EA-97-498 - Hospital San Pablo
December 23, 1997
Hospital San Pablo
ATTN: Mr. Jorge Matta
P. O. Box 236
Bayamon, Puerto Rico 00960-6036
|SUBJECT: ||NOTICE OF VIOLATION |
(NRC INSPECTION REPORT 52-21325-01/97-01)
Dear Mr. Matta:
This refers to the special, unannounced inspection conducted by this office on October 1, 1997, at your facility in Bayamón, Puerto Rico. The purpose of the inspection was to review the circumstances surrounding the loss of control and subsequent inadvertent incineration of licensed materials. The incident was verbally reported to the Nuclear Regulatory Commission (NRC) on May 14, 1997, and a written report was submitted to the NRC on May 23, 1997. The results of the inspection were discussed with you on October 1, 1997, and were formally transmitted to you by letter dated October 28, 1997. That letter also provided you the opportunity to respond to the apparent violations in writing or request a predecisional enforcement conference. Subsequently, you declined a conference, and by letter dated November 24, 1997, you admitted the apparent violations and stated that the inspection report appropriately described the apparent violations, the root causes, and your corrective actions to preclude recurrence. No additional information was provided in your submittal. We have reviewed the inspection results and your May 23 and November 24, 1997, letters and have concluded that sufficient information is available to determine the appropriate enforcement action in this matter.
Based on the information developed during the inspection and subsequent reviews, the NRC has determined that violations of regulatory requirements occurred. The violations are cited in the enclosed Notice of Violation (Notice), and the circumstances surrounding them are described in detail in the subject inspection report. The violations are associated with work performed on April 15, 1997, at your facility which involved the demolition and relocation of the room used to store radioactive waste held for decay-in-storage. Three violations occurred: (1) the failure to secure licensed materials from unauthorized removal; (2) unauthorized disposal of the licensed materials; and (3) the failure to monitor, with a radiation survey meter, radioactive waste held for decay-in-storage prior to disposing of it.
Specifically, on April 15, 1997, unqualified engineering personnel obtained a key to the decay room to remove material prior to demolition of the room. Based on perceived instructions from a nuclear medicine technologist, material dated 1996 and earlier was removed and transferred to the Environmental Services Department to be discarded as biomedical waste, and included six reference sources. Accounting for decay, the reference sources consisted of two non-NRC regulated cobalt-57 sources containing 0.03 and 0.47 microcuries (µCi) each, two cobalt-60 (Co-60) sources containing 18 and 28 µCi each, and two cesium-137 (Cs-137) sources containing 77 and 86 µCi each. The waste, was transferred the same day to an incineration contractor and was subsequently incinerated. The missing sources were identified by a nuclear medicine technologist on May 13, 1997, upon accessing the new decay room. The root causes of the violations were inadequate supervision of unqualified licensee employees performing the demolition and source removal activities and miscommunications between personnel regarding which materials could be discarded.
In this case, the actual safety consequences of the violations were low in that some precaution was exercised in handling the reference sources because they were believed to be hazardous biochemical waste, and the determination that, due to the incineration parameters, 10 CFR Part 20, Appendix B limits for release of licensed materials to unrestricted areas were not exceeded. However, the violations are of significant regulatory concern because they indicated a lack of attention to licensed activities and involved the conduct of activities by technically unqualified personnel. Individuals handling the reference sources were unaware of the potential radiation hazard and consequently, took no action to monitor their radiation exposure or control the material. It was fortuitous that the lack of controls and awareness did not result in unnecessary radiation exposures to the workers or the public or, contamination or incinerator effluent which exceeded regulatory limits. Therefore, in accordance with the "General Statement of Policy and Procedures for NRC Enforcement Actions" (Enforcement Policy), NUREG-1600, the three violations are classified, in the aggregate, as a Severity Level III problem.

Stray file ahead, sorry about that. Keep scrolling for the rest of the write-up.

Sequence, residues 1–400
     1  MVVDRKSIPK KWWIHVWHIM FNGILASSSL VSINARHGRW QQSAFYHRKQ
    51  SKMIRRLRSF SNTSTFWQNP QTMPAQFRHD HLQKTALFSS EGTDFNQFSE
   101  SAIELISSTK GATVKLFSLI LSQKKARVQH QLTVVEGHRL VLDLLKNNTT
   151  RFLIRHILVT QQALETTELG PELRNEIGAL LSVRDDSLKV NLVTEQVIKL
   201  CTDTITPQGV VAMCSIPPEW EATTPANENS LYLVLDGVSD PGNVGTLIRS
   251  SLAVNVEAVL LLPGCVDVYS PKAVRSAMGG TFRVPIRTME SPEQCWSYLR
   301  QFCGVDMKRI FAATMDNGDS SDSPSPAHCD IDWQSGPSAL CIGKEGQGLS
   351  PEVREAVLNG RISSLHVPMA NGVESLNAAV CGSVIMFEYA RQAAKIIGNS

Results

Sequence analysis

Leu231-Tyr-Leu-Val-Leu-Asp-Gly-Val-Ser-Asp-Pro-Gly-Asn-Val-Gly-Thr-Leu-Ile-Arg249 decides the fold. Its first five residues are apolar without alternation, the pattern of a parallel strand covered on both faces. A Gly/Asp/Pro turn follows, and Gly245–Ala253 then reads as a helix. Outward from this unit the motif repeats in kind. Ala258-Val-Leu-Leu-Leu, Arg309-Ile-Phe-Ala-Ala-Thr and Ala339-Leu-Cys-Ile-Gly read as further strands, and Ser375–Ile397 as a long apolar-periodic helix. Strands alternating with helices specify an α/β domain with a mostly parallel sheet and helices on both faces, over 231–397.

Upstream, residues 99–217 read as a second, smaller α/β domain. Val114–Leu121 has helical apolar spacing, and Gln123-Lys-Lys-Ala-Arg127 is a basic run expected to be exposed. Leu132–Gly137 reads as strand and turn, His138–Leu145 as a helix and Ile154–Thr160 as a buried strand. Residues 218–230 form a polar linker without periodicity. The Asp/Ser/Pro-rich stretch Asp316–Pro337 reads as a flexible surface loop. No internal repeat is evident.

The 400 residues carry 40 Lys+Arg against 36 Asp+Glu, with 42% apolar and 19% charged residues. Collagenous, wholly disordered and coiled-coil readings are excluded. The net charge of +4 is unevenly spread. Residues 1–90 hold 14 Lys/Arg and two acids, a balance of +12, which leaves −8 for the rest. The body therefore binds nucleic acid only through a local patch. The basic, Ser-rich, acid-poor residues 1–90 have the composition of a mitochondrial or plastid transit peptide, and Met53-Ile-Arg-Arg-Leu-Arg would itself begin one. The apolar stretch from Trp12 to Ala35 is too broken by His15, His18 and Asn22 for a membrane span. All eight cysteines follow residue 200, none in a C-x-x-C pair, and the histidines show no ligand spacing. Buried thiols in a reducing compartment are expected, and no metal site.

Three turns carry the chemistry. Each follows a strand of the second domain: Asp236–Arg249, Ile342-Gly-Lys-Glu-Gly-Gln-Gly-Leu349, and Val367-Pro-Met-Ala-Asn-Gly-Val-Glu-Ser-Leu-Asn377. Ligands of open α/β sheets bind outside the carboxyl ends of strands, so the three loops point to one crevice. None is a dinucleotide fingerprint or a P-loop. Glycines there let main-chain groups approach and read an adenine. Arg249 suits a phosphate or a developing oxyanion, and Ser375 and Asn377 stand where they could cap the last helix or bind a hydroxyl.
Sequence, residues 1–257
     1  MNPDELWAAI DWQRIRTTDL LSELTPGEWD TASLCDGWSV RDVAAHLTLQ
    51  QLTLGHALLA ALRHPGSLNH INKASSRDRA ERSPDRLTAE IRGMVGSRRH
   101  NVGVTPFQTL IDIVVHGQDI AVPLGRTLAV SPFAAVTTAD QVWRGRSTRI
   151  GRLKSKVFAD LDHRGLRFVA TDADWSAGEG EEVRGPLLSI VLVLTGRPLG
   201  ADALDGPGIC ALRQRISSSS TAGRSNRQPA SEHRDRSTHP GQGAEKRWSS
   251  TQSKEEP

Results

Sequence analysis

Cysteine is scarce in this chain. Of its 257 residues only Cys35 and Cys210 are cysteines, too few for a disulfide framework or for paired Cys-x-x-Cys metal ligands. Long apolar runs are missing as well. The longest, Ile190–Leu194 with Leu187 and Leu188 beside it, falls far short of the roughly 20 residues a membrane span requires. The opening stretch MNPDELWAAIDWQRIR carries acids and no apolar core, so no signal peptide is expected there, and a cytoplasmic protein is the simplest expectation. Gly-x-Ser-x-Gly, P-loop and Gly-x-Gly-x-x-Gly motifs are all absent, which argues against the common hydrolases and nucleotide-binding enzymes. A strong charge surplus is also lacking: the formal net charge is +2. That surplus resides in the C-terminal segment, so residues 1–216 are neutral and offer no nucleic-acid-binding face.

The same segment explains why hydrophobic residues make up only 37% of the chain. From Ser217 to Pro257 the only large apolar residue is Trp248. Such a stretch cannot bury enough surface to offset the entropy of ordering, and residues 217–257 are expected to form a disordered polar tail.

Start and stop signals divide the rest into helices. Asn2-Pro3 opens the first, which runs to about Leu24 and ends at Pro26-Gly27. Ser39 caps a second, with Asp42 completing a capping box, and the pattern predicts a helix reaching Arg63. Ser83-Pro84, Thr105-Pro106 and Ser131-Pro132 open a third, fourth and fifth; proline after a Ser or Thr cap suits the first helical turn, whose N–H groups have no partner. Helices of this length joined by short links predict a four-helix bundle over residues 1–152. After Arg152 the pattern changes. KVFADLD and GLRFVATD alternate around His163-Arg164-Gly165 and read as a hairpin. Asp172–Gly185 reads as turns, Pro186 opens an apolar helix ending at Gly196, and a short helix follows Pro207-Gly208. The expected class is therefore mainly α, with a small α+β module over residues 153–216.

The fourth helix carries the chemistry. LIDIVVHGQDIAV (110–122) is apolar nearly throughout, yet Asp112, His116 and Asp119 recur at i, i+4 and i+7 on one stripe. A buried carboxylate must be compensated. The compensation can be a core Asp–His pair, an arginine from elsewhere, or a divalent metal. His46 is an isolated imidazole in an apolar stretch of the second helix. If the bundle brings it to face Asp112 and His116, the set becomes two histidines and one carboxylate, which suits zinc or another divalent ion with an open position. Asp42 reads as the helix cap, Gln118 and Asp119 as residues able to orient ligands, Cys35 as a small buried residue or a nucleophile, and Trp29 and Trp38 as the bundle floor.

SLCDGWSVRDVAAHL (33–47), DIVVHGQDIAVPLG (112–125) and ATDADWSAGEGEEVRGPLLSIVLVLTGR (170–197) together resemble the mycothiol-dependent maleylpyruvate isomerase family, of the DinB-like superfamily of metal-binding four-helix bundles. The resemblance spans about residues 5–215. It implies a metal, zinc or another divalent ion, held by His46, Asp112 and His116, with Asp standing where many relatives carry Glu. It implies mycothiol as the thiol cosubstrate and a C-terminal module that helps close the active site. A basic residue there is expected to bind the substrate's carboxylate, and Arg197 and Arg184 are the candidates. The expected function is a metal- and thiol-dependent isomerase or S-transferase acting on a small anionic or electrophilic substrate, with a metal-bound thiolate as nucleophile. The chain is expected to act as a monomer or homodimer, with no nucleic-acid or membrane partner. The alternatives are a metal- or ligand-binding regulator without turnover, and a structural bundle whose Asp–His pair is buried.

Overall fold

In accordance with the Enforcement Policy, a base civil penalty in the amount of $2,750 is considered for a Severity Level III problem. Because your facility has not been the subject of escalated enforcement action within the last two years or two inspections, the NRC considered whether credit was warranted for Corrective Action in accordance with the civil penalty assessment process described in Section VI.B.2 of the Enforcement Policy. As documented in detail in the inspection report and your May 23, 1997, report to the NRC, your corrective actions included: (1) conduct of a prompt and thorough investigation of the missing sources including a response to the contract incinerator facility; (2) segregation of toxic materials from radioactive materials in storage areas; (3) initiation of key control to the decay room; (4) cessation of the storage of reference sources in the decay room; (5) implementation of a policy which provides that items stored in the decay facility can only be removed under the supervision of the Nuclear Medicine Laboratory Supervisor or the Radiation Safety Officer; (6) prompt reporting of the incident to the NRC; (7) implementation of disciplinary actions against certain employees; and (8) plans to begin utilizing radiopharmacy services resulting in the reduced build-up of radioactive waste. Based on these facts, the NRC concluded that credit was warranted for the factor of Corrective Action.
Therefore, to encourage prompt and comprehensive correction of violations and in recognition of the absence of previous escalated enforcement action at your facility, I have been authorized not to propose a civil penalty in this case. However, significant violations in the future could result in a civil penalty. In addition, issuance of this Notice constitutes escalated enforcement action that may subject you to increased inspection effort.